The Roots: Phrenology
Posted by Christopher Glotfelty (12/18/2009 @ 2:09 pm)
During the summer of 2007 (seems like ages ago, doesn’t it?), the White Stripes stuck to their promise of touring every province in Canada. With camera crew in tow, Jack and Meg also stopped at an old folks home, rocked out on a public bus, and snuck in frames of bowling before their culminating gig in Nova Scotia. The result is Under Great White Northern Skies, a beautifully shot tour documentary due in March.
Third Man is currently selling the documentary as part of a mega box set, which includes a live album, live DVD, and photo book. If you have $179 to spare and are a White Stripes nut, have at it.
Posted by Christopher Glotfelty (10/15/2009 @ 2:46 pm)
It may come as a surprise to some that the White Stripes have never released any outtakes throughout their lengthy career. Most bands would jump at the opportunity to milk every last dollar from their adoring fan base, patching together worthless compilation after compilation. Frontman Jack White has been busy in 2009, delving into projects with the White Stripes, the Raconteurs, and Dead Weather. Thankfully, he’s found it in his heart to let fans hear how his primary band sounded in their developing years.
Third Man Records announced today that the White Stripes will exclusively release outtakes from the “Let’s Shake Hands” recording sessions in March 1998 to Platinum members of the Vault subscription service. This is the first time in the White Stripes’ celebrated career that they have released outtakes from any studio session. Alternate versions of “Let’s Shake Hands,” which was the duo’s first official 7″ release, along with its b-side “Look Me Over Closely,” will be part of the offering. Arguably, though, the most exciting part of the news blast (for fans of Jack White’s other bands) was that Vault members will also receive The Raconteurs: Live in London, a double LP, recorded in 2008, and a limited-edition Dead Weather screen-print poster designed by Rob Jones.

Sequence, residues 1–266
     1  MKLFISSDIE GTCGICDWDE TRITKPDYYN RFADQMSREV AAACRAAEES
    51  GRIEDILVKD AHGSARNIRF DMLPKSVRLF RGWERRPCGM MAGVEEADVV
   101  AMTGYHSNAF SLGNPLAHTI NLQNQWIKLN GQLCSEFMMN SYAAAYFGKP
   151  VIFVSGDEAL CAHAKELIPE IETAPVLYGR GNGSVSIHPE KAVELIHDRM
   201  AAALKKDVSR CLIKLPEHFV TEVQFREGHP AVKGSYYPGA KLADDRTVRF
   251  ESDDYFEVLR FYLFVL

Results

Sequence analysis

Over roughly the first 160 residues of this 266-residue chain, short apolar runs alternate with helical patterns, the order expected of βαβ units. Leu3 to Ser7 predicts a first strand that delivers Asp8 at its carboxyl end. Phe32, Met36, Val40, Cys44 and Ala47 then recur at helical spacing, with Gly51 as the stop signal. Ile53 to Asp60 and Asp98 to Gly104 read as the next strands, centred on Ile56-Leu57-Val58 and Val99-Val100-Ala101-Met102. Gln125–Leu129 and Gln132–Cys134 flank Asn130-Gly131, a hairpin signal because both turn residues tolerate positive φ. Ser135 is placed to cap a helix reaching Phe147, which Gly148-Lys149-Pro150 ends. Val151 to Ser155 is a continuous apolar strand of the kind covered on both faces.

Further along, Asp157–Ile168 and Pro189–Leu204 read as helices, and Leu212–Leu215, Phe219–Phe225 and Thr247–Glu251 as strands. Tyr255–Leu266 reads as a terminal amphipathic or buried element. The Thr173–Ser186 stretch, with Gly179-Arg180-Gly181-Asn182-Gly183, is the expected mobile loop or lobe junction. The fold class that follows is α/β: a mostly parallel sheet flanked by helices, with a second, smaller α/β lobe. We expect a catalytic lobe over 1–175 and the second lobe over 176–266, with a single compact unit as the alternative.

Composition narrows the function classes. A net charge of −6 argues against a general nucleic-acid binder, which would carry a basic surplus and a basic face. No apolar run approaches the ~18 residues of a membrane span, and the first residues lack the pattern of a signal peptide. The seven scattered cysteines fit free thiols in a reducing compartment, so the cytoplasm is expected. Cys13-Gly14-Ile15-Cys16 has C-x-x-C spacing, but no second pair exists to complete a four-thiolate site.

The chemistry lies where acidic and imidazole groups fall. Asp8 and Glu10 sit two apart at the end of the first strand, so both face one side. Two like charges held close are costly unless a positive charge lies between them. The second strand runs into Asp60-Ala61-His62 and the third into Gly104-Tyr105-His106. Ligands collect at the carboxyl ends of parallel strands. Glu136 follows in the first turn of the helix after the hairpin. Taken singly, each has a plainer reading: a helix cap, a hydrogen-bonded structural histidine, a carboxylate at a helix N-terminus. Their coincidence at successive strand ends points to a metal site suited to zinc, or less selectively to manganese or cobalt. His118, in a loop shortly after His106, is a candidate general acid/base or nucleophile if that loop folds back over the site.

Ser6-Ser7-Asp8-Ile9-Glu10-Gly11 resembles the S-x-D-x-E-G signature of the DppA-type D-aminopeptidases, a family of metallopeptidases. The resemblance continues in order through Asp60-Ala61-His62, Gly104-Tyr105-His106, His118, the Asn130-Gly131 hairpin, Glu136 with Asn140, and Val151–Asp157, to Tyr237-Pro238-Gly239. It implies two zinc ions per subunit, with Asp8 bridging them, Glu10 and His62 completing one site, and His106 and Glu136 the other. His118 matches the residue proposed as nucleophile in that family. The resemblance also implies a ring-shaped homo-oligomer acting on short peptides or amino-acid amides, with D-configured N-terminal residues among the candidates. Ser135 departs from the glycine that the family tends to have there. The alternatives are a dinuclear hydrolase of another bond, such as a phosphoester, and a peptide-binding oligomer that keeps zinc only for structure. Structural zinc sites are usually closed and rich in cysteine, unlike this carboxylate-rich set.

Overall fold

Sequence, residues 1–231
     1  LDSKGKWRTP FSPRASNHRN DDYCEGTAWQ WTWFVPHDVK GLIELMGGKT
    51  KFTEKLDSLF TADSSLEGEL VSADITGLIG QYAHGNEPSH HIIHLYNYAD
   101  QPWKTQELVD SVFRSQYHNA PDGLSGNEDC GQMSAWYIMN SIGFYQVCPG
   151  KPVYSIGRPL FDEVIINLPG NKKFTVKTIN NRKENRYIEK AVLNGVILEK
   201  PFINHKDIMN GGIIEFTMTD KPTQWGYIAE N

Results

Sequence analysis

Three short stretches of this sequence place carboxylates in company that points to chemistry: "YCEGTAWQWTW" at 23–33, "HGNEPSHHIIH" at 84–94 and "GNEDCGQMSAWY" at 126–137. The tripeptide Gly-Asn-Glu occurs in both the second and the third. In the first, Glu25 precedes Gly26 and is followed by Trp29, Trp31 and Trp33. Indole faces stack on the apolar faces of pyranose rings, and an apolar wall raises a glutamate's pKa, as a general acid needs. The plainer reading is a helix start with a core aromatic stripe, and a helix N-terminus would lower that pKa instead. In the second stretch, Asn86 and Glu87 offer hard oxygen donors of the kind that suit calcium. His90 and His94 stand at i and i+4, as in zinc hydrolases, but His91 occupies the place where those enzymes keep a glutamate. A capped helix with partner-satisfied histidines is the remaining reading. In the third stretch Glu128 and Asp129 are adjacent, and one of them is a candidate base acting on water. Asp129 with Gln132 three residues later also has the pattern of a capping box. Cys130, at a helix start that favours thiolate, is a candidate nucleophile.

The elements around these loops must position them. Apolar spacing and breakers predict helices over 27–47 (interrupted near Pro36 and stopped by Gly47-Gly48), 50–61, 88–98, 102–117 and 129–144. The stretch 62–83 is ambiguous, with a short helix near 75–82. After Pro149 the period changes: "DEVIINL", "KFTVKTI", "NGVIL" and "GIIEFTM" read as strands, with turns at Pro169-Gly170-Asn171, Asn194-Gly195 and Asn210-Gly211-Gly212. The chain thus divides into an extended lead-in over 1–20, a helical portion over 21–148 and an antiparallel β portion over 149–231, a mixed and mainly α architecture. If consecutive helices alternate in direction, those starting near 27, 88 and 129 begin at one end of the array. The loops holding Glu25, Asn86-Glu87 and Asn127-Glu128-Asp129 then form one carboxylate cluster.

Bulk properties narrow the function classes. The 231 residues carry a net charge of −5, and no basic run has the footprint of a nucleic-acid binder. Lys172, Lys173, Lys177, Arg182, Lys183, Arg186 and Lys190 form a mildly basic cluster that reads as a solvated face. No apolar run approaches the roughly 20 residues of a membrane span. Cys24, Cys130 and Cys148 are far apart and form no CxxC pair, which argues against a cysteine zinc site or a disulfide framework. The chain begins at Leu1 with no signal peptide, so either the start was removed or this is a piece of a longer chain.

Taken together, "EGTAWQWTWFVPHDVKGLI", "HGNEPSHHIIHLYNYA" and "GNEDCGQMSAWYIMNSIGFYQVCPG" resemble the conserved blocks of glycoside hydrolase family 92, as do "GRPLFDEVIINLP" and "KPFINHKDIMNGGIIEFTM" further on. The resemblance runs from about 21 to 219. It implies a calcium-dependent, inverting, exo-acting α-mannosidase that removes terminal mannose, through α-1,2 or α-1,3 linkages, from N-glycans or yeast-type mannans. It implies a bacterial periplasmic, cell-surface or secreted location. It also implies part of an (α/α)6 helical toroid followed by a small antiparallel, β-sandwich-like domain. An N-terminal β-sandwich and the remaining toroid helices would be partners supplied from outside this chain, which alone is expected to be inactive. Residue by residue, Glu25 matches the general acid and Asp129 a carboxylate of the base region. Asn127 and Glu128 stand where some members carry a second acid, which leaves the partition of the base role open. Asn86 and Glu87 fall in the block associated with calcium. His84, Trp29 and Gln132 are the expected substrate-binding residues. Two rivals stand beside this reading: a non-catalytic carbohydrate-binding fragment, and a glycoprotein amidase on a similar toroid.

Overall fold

Registration for the next Vault Platinum membership service is open now until October 22nd.
Check out the Vault’s website for more information. You have to admire guys like Jack White and Neil Young who never seem to take a break.
Better than the 2003 collection that bears his name, this michelgondry.com-exclusive set of music videos is simply staggering. The beauty of Gondry’s work is that his methods are surprisingly low-tech (Beck’s “Cellphone’s Dead” being this set’s exception). He uses reflective glass to create the ghosts that haunt Paul McCartney’s house in “Dance Tonight,” and Steriogram’s “Walkie Talkie Man” is a brilliant stop-motion clip, using both real people and their string equivalents. Gondry assembles a couple of clever yet completely unique one-take videos with Michael Andrews and Gary Jules’ cover of “Mad World” and the White Stripes’ “The Denial Twist,” and his videos from the pre-CGI early ’90s, namely Thomas Dolby’s “Close but No Cigar” and Sananda Maitreya’s “She Kissed Me” (otherwise known as Terence Trend D’Arby to your older brothers and sisters), look as good as any video made today. The set comes with a bunch of behind-the-scenes footage, a couple films featuring Gondry solving a Rubik’s Cube with various parts of his body (feet and nose, to be precise), and they also added the parody of Gondry’s video of the White Stripes’ “The Hardest Button to Button” that appeared on a 2006 episode of “The Simpsons.” Genius stuff, across the board. If only he could replicate this consistency in the feature film arena.(ElektroFilm)